Clone wars inside the uniform random variable

Posted in General by Pierre Jacob on 25 September 2013


In a recent post Nicolas discussed some limitation of pseudo-random number generation. On a related note there’s  a feature of random variables that I find close to mystical.

In an on-going work with Alex Thiery, we had to precisely define the notion of randomized algorithms at some point, and we essentially followed Keane and O’Brien [1994] (as it happens there’s an article today on arXiv that also is related, maybe, or not). The difficulty comes with the randomness. We can think of a deterministic algorithm as a good old function mapping an input space to an output space, but a random algorithm  adds some randomness over a deterministic scheme (in an accept-reject step for instance, or a random stopping criterion), so that given fixed inputs the output might still vary. One way to formalise it consists in defining the algorithm as a deterministic function of inputs and of a source of randomness; that randomness is represented by  a single random variable U e.g. following an uniform distribution.

The funny, mystical and disturbing thing is that a single uniform random variable is enough to represent an infinity of them. It sounds like an excerpt of the Vedas, doesn’t it? To see this, write a single uniform realization in binary representation. That is, for U \in [0,1] write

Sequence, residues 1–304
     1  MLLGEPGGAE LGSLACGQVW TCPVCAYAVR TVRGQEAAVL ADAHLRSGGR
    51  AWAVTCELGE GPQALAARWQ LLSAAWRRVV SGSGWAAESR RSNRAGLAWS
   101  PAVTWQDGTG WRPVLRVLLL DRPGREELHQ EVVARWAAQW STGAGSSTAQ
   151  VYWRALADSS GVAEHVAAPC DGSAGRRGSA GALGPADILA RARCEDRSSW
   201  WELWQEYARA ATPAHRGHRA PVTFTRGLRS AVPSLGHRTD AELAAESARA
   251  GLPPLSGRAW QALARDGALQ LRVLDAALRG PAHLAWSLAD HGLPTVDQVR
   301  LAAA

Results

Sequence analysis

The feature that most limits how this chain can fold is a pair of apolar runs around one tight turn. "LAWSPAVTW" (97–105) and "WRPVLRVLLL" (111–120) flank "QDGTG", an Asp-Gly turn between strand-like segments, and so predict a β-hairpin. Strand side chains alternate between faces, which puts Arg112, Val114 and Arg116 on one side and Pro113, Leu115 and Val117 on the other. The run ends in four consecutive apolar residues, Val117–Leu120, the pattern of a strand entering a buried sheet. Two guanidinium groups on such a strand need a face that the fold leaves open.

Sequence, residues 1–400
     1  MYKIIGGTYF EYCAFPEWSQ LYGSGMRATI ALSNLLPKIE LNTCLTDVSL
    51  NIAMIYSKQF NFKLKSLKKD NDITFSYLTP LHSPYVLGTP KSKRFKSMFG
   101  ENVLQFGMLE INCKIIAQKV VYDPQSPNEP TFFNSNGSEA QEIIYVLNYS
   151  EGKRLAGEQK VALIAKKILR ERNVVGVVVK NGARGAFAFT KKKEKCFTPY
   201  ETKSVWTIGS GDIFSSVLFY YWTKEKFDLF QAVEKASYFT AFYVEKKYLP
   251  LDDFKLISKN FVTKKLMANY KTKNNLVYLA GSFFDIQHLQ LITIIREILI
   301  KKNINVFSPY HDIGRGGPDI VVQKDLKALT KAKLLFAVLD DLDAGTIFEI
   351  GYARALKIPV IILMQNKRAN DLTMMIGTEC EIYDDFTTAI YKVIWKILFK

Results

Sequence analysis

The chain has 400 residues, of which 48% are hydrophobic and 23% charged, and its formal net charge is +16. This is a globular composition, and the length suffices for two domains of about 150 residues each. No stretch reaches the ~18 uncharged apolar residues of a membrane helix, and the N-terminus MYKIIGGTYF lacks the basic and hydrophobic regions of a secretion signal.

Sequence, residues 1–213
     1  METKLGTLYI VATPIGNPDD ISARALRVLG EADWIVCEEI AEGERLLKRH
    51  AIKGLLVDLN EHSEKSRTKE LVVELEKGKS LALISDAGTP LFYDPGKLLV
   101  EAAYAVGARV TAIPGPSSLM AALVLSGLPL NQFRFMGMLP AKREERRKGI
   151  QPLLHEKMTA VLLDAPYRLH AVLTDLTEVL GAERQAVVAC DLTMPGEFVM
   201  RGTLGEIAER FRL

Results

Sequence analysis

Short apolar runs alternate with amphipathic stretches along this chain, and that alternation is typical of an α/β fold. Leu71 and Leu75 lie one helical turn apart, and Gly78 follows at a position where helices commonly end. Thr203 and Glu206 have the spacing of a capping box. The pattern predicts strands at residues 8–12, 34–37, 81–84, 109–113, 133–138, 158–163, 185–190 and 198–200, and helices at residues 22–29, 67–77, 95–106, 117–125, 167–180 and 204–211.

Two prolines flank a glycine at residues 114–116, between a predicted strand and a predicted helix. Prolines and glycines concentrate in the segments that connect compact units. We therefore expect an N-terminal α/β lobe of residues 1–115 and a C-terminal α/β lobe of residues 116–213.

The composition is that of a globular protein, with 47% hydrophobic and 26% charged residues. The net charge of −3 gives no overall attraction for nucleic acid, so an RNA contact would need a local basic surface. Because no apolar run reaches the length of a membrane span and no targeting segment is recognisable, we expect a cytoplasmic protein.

U = \sum_{k> 0} b_k 2^{-k}

with b_k = \mbox{floor}(2^k U) \mbox{ mod } 2. The binary representation is b_1b_2b_3b_4b_5\ldots

Realization of an uniform r.v. in binary representation

Realization of an uniform random variable in binary representation

Now it’s easy to see that these zeros and ones are distributed as independent Bernoulli variables. Now we put these digits in a particular position, as follows.

Same zeros and ones ordered in an increasing square

Same zeros and ones ordered in a triangle of increasing size

If we take each column or each row from the grid above, they’re independent and they’re also binary representations of uniform random variables – you could also consider diagonals or more funky patterns. You could say that the random variable contains an infinity of independent clones.

This property actually sounds dangerous now, come to think of it. I think it was always well-known but people might not have made the link with Star Wars. In the end I’m happy to stick with harmless pseudo-random numbers, for safety reasons.


2 Responses

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  1. Julyan Arbel said, on 2 October 2013 at 11:00

    This grid is also used to prove that natural numbers N and rational numbers Q are equinumerous (have the same cardinality), remember? like this one:
    Scary indeed!

  2. xi'an said, on 22 October 2013 at 18:57

    I am not that scared… And my computer even less.

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